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Responding to Suffering and Sowing with Tears

by Stephen Davey Scripture Reference: Psalms 123–126

How blessed are we who follow the Lord. We know He is on our side because we are on His side. Opposition, attacks, and ridicule only strengthen our faith when we embrace the promises of God and realize that He is always in control.


Responding to Suffering and Sowing with Tears

Psalms 123–126


This time in our Wisdom Journey, we are covering four more songs the Israelites sang as they traveled up to Jerusalem for those three annual festivals of Passover, Pentecost, and Tabernacles.

Travel must have been quite difficult for these Israelites, as they carried all the baggage they needed for the journey. But here in Psalm 123, it is pretty clear the travelers also are carrying what we would call today emotional baggage. The psalmist writes in verses 3-4:

Have mercy upon us, O Lord, have mercy upon us, for we have had more than enough of contempt. Our soul has had more than enough of the scorn of those who are at ease.

Maybe you can relate to this kind of baggage. You have had more than enough of contempt. That word carries the idea of disrespect from proud or wicked people.[1] The psalmist also writes of the “scorn of those who are at ease.” The word here for “scorn” refers to mocking or derision. [2]

People who seem to have it made in this world have nothing but ridicule and sarcasm for the followers of God. And this psalm very honestly says to the Lord, “We’ve just about had all we can take.”

Well, how do you as a believer keep traveling with that kind of baggage? How do you keep your head and your heart above water, so to speak, when you encounter hateful people?

First, it is a matter of expectation. Verse 1 says, “To you I lift up my eyes, O you who are enthroned in the heavens!” For God to be “enthroned” speaks of His total authority, and being “in the heavens” gives God infinite power to execute His authority. Beloved, contempt and scorn against us are no match for our God. We just have to lift up the eyes of our heart and trust Him!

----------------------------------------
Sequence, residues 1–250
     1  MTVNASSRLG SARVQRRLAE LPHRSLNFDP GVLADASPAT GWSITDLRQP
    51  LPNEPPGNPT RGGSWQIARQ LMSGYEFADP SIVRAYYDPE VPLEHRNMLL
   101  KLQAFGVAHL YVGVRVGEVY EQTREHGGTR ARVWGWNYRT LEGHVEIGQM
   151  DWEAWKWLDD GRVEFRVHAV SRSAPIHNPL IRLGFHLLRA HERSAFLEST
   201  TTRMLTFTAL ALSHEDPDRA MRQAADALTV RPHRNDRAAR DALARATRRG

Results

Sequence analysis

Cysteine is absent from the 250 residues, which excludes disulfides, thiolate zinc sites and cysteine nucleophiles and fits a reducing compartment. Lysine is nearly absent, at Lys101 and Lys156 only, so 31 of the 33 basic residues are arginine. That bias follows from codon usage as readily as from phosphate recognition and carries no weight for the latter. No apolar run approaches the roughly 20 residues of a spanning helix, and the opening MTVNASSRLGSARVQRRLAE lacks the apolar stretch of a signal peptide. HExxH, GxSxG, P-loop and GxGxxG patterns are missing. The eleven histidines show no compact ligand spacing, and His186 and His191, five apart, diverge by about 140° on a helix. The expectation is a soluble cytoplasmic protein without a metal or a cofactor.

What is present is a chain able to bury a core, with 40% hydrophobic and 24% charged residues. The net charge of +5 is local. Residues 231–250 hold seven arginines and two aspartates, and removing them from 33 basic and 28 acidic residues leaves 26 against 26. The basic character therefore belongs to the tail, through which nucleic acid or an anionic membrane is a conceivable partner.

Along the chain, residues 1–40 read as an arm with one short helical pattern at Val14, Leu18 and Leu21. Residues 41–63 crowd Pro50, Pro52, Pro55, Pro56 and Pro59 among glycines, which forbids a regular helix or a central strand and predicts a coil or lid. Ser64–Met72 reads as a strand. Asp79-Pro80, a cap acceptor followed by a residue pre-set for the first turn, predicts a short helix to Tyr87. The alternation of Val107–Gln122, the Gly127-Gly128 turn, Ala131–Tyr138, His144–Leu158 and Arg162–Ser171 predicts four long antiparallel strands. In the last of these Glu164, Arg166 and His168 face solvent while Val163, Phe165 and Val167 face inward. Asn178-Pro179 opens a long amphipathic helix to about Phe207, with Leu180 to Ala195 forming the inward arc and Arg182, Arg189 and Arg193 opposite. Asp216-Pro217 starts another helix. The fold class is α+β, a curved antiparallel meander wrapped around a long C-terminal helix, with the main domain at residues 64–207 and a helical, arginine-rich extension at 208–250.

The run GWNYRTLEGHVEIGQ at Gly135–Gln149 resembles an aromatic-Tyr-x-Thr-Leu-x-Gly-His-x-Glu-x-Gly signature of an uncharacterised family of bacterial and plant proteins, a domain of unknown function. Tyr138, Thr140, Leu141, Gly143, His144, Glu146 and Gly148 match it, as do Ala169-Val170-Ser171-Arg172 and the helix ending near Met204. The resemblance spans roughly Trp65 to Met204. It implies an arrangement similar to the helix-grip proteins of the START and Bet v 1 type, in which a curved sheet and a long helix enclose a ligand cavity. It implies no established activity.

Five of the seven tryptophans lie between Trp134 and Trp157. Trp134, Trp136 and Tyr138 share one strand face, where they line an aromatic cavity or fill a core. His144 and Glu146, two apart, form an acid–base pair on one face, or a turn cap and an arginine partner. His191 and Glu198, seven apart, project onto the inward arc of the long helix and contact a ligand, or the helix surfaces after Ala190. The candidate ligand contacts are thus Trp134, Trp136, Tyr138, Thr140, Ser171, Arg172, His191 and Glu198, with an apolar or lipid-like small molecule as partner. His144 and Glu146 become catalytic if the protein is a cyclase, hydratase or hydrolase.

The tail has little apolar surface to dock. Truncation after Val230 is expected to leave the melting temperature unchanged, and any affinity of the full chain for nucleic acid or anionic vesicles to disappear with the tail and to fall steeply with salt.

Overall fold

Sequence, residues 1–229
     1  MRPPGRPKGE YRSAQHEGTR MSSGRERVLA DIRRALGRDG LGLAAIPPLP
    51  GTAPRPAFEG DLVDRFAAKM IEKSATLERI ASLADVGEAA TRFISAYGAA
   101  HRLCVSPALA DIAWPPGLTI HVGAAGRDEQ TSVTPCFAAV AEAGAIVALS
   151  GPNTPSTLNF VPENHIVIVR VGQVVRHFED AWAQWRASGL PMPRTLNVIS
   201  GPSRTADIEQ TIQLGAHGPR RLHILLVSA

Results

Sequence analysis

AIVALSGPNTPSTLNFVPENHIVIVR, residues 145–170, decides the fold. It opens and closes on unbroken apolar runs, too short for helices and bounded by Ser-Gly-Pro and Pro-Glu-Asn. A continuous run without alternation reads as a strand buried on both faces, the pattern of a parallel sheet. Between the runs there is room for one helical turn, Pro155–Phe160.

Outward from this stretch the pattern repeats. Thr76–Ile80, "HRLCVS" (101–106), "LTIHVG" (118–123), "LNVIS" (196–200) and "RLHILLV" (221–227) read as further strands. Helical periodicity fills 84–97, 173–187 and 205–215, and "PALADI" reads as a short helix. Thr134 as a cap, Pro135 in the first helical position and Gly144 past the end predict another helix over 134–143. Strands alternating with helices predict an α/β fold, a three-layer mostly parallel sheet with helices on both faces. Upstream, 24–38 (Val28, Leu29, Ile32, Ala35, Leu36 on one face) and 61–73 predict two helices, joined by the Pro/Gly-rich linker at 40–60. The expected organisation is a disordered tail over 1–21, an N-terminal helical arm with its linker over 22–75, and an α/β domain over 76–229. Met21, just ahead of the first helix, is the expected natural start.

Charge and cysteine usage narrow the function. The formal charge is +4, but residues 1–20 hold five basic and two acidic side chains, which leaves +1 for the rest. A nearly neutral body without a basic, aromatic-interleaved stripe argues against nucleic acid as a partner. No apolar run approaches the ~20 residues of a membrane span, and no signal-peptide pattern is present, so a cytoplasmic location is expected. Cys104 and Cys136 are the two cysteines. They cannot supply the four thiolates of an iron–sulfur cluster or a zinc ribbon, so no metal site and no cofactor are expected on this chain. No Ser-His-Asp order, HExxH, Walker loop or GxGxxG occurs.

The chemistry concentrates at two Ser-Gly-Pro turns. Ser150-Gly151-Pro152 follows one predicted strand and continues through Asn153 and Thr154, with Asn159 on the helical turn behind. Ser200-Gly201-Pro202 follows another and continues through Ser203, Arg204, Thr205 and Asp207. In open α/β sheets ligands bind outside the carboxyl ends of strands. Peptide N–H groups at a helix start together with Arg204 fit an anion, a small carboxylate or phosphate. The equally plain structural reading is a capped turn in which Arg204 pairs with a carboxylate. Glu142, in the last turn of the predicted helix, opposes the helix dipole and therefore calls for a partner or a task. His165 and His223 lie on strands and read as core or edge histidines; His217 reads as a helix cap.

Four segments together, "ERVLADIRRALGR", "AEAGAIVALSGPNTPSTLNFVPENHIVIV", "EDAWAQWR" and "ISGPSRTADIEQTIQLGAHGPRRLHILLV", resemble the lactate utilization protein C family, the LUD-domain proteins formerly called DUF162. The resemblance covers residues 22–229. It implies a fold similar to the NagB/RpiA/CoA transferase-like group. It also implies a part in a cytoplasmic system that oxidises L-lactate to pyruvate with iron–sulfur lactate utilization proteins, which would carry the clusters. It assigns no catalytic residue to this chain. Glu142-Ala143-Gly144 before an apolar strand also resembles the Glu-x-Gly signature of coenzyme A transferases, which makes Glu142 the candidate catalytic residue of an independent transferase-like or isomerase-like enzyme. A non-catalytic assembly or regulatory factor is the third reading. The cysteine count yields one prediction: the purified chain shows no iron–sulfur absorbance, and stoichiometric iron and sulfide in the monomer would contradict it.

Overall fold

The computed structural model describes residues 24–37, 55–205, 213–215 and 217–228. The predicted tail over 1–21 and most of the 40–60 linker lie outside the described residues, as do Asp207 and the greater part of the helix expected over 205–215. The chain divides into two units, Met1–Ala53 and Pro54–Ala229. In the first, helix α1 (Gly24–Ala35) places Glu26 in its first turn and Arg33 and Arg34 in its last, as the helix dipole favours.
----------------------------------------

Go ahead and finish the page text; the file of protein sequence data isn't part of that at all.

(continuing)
Jesus expected to be crucified. And He told His followers to expect hatred and reminded them that the world hated Him long before it hated them (John 15:18). Those who follow God will suffer persecution (2 Timothy 3:12).

Much of the discouragement we feel as we live for the Lord comes from unmet expectations. Our expectations need to be anchored in the truth that God is in control and He will make everything right. Though our world wants to disturb us—and frankly our world is disturbed by us—the Lord’s throne in heaven is never disturbed. God is not wringing His hands, wondering what is going to happen next. As I like to say, there has never been an emergency meeting of the Trinity.

Second, a proper response to hatred is not only a matter of expectation; it is a matter of concentration. Verse 2 gives us an interesting picture. The psalmist says here, “Our eyes look to the Lord our God.”

I recommend that you spend less time watching the news and talk shows and following the latest crisis or the latest thing that has captured the public’s attention and spend more time serving the Lord, talking to the Lord, and talking to other people about the Lord.

Psalm 124 was written by David, and it comes from David’s own experiences of deliverance. It is still sung today during the festival of Purim, which commemorates the deliverance of Israel during the days of Queen Esther.

Like the other songs of ascent, this was sung while families traveled to Jerusalem. In verse 1, you can imagine some father opening the song by singing, “If it had not been the Lord who was on our side—let Israel now say.” And then Mom nudges the children to join her in responding in verse 2, “If it had not been the Lord who was on our side.” Then all together they would sing in verse 8, Our help is in the name of the Lord, who made heaven and earth.”

What praise will you offer the Lord for His deliverance?